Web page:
Cigarettes make a lot of changes in your body. Some of these changes may make it feel hard to quit but not impossible! You've already taken the first step, the following will help you plan for the next few steps.
Learn about tools that can help you quit. They can ease craving or symptoms caused by withdrawal of nicotine. Tools include nicotine gum, patches, or inhaler, or medicine. There are many resources online to help you learn about your choices. Talk to your doctor about any concerns you have or medicine choices. You may also choose to quit without the help of these tools.
Set your target quit date. Make it a few weeks away. To prepare you to quit, try the following steps:
- Switch to a brand you find distasteful.
- About 1 to 2 weeks before your quit date, change to a brand that is low in tar and nicotine. This will help your body adjust to change in chemicals. Be careful not to increase the number of cigarettes to make up for changes in nicotine.
- Smoke only half of each cigarette.
- Each day, put off your first cigarette by one hour.
- Decide you'll only smoke during odd or even hours of the day.
- Decide beforehand how many cigarettes you'll smoke during the day. For each extra cigarette, give a dollar to your favorite charity.
- Change your eating habits to help you cut down. For example, drink milk. Many people feel milk and smoking do not mix. End meals or snacks with something that won't lead to a cigarette.
- Reach for a glass of juice instead of a cigarette for a "pick-me-up."
Remember: Cutting down can help you quit. It is no substitute for quitting. If you are at 7 cigarettes a day, it's time to set your target quit date.
- Smoke only those cigarettes you really want. Catch yourself before you light up out of pure habit.
- Don't empty your ashtrays. This will remind you of how many cigarettes you've smoked each day. The sight and the smell of stale cigarettes butts will be very unpleasant.
- Make yourself aware of each cigarette. Use the opposite hand or put cigarettes in an unfamiliar location or a different pocket. This will break the automatic reach.
- Try to look in a mirror each time you put a match to your cigarette. You may decide you don't need it.
- Stop buying cigarettes by the carton. Wait until one pack is empty before you buy another.
- Stop carrying cigarettes with you at home or at work. Make them difficult to get to.
- Smoke in ways that aren't pleasurable for you. If you like to smoke with others, smoke alone. Turn your chair to an empty corner and focus only on the cigarette you are smoking and all its many negative effects.
- Collect all your cigarette butts in one large glass container. It will give you a visual reminder of smoking.
- Practice going without cigarettes.
- Don't think of never smoking again. Think of quitting in terms of one day at a time.
- Tell yourself you won't smoke today, and then don't.
- Clean your clothes to rid them of the cigarette smell. The smell can linger a long time if ti is not washed out.
- Throw away all your cigarettes and matches. Hide your lighters and ashtrays.
- Visit the dentist. Have your teeth cleaned to get rid of tobacco stains. Notice how nice they look. Commit to keep them that way.
- Put aside money you would have spent on cigarettes. Make a list of things you'd like to buy for yourself or someone else.
- Keep very busy on the big day. Go to the movies, exercise, take long walks, or go bike riding.
- Remind your family and friends that this is your quit date. Ask them to help you over the rough spots of the first couple of days and weeks.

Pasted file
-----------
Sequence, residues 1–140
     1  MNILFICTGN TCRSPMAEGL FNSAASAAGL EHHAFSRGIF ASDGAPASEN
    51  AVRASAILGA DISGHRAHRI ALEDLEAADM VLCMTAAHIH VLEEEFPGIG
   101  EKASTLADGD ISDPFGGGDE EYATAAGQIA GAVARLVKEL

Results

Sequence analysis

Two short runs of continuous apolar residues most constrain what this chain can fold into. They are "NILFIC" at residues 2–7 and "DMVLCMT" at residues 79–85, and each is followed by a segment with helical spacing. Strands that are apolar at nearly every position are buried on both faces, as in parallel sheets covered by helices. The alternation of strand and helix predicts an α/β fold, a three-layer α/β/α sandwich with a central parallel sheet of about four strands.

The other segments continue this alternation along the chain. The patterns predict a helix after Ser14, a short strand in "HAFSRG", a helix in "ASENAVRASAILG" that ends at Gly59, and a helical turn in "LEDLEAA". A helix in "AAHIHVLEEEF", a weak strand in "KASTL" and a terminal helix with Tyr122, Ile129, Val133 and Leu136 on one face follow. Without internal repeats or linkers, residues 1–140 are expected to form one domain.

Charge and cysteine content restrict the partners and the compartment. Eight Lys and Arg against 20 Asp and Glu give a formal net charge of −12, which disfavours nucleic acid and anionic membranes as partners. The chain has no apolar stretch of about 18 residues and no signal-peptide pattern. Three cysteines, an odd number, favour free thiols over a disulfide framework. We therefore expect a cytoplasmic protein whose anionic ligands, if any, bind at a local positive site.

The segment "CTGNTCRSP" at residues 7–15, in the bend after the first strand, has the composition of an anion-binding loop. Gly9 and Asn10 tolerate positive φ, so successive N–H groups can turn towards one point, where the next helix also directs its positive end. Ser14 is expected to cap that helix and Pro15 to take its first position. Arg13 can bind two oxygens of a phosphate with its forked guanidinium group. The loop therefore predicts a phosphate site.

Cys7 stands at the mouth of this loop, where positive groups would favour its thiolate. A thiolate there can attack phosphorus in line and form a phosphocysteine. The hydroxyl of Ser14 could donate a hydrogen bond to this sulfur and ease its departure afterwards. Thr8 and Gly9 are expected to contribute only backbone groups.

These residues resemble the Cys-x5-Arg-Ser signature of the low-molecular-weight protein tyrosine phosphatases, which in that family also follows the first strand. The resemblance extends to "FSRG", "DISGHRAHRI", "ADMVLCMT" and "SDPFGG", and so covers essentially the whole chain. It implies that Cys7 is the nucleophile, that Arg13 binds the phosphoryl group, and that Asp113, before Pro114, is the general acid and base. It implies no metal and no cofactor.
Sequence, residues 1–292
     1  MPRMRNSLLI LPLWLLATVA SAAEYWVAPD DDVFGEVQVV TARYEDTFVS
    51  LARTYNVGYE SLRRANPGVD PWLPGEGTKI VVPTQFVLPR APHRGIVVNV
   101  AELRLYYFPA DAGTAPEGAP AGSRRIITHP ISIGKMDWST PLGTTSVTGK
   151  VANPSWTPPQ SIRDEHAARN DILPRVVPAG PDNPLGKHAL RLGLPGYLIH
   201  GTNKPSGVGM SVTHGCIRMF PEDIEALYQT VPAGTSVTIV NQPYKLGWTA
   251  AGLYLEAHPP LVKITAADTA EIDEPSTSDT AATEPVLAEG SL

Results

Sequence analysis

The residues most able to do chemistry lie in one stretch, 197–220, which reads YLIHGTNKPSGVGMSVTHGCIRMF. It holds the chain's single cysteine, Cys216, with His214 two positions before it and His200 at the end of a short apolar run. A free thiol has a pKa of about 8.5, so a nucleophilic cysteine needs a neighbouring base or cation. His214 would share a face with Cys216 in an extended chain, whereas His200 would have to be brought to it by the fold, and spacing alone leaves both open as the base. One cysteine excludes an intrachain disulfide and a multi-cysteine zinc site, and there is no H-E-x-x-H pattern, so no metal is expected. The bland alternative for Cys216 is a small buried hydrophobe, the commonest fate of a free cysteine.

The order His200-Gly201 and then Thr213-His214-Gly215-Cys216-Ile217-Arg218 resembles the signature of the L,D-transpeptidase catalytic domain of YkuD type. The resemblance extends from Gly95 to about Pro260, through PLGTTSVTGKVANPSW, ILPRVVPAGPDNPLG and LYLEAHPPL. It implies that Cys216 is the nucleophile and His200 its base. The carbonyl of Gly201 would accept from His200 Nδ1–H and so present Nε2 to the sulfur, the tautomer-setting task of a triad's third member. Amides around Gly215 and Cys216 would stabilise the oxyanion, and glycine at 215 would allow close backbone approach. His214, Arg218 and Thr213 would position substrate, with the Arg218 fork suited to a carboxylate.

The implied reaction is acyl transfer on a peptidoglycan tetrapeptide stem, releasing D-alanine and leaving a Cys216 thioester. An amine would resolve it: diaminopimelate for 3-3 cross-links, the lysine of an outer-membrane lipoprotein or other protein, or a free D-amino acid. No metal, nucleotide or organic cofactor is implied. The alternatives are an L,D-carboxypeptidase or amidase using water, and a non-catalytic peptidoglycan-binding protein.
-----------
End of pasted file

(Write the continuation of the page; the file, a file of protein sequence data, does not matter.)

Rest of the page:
- Buy yourself a treat or do something special to celebrate.
Telephone and web-based programs can offer you the support that you need to quit and to stay smoke-free. You can find many programs online.
- Develop a clean, fresh, nonsmoking environment around yourself. Do it at work and at home. Buy yourself flowers. You may be surprised how much you can enjoy their scent now.
- Spend as much free time as possible in places where smoking isn't allowed in the first few days. Libraries, museums, theaters, department stores, and churches are good choices.
- Drink plenty of water.
- Try to avoid alcohol, coffee, and other drinks that you link with smoking.
- Strike up conversation instead of a match for a cigarette.
- If you miss having a cigarette in your hand, play with something else. A pencil, a paper clip, a marble, or a fidget tool may help.
- If you miss having something in your mouth, try toothpicks or a fake cigarette.
National Cancer Institute http://smokefree.gov/
Tobacco Information and Prevention Source (TIPS) Centers for Disease Control and Prevention http://www.cdc.gov/tobacco/index.htm
United States Department of Health and Human Services 1-800 Quit-Now http://1800quitnow.cancer.gov/
Canadian Cancer Society http://www.cancer.ca/
The Lung Association http://www.lung.ca/
Benefits of quitting smoking over time. American Cancer Society website. Available at: http://www.cancer.org/healthy/stayawayfromtobacco/benefits-of-quitting-smoking-over-time. Accessed January 15, 2021.
How to quit smoking. Help Guide website. Available at: http://www.helpguide.org/articles/addiction/how-to-quit-smoking.htm. Accessed January 15, 2021.
Quit guide smart phone app. Smokefree website. Available at: http://smokefree.gov/apps-quitguide. Accessed January 15, 2021.
Treatment for tobacco use. DynaMed website. Available at: http://www.dynamed.com/topics/dmp~AN~T905141/Treatment-for-tobacco-use. Accessed January 15, 2021.
7/14/2011 DynaMed's Systematic Literature Surveillance http://www.ebscohost.com/dynamed/ : Leonardi-Bee J, Jere ML, Britton J. Exposure to parental and sibling smoking and the risk of smoking uptake in childhood and adolescence: a systematic review and meta-analysis. Thorax. 2011 Feb 15. [Epub ahead of print]
- Reviewer: EBSCO Medical Review Board
- Review Date: 01/2021
- Update Date: 01/03/2021